EDIT: Oh, and I nearly forgot: Nokia of course launched their music store in the UK today. See my original post on it back in August.
Vodafone, in partnership with Omnifone, have today launched a flat rate mobile music subscription service. For 1.99 a week, or bundled into (admittedly pricy) mobile subscription tariffs, users get access to unlimited downloads from a catalogue of 1.2 million tracks.
Regular readers of this weblog will know that Iím not the worldís biggest fan of mobile music, but this offering definitely piques my interest. As Iíve said before, mobile music needs to try to do something different than PC offerings if it is to have any chance of success. Emulating the 99 cent download on mobile just isnít playing to the strengths of the device but most certainly plays to its weaknesses. An all you can eat subscription positions mobile safely away from the bulk of PC music activity (especially in Europe) and makes it thus less prone (though of course not immune) to unfavourable comparisons with PC services.
There are a couple of further points worthy of note with this offering: firstly Omnifone have a smart way of addressing the mobile network connectivity issue by automatically optimizing downloads to the network, so that a 2.5G user would have a smaller size file than a HSDPA user. Of course the flip side of that is that the slower your connection, the poorer the quality of your music.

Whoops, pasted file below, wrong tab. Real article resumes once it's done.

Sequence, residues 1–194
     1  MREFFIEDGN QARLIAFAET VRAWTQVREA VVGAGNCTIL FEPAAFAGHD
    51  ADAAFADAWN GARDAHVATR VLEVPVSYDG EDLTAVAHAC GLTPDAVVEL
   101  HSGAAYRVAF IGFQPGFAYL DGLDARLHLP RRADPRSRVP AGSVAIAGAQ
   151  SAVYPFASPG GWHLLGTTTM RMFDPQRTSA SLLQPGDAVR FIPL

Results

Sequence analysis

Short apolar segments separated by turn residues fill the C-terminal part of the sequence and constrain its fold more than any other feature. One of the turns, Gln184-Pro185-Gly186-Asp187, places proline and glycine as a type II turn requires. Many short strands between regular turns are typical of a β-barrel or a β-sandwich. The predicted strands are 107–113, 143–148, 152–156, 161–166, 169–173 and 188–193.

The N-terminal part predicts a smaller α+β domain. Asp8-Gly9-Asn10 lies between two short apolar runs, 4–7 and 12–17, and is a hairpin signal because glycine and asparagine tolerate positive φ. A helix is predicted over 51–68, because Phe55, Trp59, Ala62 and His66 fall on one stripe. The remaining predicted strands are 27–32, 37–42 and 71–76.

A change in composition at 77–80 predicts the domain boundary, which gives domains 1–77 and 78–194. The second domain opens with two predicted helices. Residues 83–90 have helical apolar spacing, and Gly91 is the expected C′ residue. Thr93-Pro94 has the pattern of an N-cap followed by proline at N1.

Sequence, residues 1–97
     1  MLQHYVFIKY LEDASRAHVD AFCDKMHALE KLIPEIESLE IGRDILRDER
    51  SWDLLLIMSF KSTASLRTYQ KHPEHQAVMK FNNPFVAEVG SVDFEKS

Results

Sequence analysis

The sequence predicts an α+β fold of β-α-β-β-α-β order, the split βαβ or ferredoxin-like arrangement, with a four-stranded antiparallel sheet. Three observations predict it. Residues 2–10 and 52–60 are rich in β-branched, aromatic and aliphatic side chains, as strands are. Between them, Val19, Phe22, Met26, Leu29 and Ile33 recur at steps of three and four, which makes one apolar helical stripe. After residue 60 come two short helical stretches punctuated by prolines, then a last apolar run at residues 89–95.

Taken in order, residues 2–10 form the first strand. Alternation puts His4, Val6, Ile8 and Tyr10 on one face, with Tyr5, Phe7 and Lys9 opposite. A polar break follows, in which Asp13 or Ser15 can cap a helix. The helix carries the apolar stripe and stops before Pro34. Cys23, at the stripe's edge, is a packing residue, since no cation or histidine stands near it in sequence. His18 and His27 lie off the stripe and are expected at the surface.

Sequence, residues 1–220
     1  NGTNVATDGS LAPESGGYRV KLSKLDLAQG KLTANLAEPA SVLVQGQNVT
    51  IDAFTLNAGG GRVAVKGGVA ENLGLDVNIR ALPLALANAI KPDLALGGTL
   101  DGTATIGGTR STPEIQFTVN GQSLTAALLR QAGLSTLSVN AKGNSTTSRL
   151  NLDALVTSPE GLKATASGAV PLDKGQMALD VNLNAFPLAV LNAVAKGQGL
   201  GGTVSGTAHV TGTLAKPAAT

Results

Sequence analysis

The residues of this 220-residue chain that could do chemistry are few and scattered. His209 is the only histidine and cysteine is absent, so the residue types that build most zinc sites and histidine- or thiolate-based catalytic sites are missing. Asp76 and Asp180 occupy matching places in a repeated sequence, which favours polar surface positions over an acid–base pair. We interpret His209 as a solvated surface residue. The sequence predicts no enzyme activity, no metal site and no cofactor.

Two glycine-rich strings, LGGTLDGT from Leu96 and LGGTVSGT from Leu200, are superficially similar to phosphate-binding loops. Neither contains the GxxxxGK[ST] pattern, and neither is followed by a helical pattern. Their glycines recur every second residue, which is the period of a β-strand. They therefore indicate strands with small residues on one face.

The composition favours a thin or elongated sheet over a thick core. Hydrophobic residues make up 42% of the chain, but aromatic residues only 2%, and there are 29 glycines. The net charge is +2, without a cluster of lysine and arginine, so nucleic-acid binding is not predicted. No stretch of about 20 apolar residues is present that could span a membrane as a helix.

All that said, the pricing for this service is pretty steep (i.e. 12 Euros a month) and will limit appeal. The lesson that needs to be learnt from the PC experience is that music subscription services priced at 10 Euros / Dollars / (or even worse) Pounds a month simply do not gain mass market traction. Subscriptions are doing a modestly reasonable job in the US but in Europe they have failed to gain traction, so much so Napster scaled back its UK operations. Real and Yahoo have both opted against European roll outs and Virgin and HMV (just today in fact) have ceased their subscription offerings.
So if Vodafone want to target the niche audience for premium subscription (about 0.1% of European Internet users in 2006) then this is the correct price point. But if they want mass market, the price needs to come right down.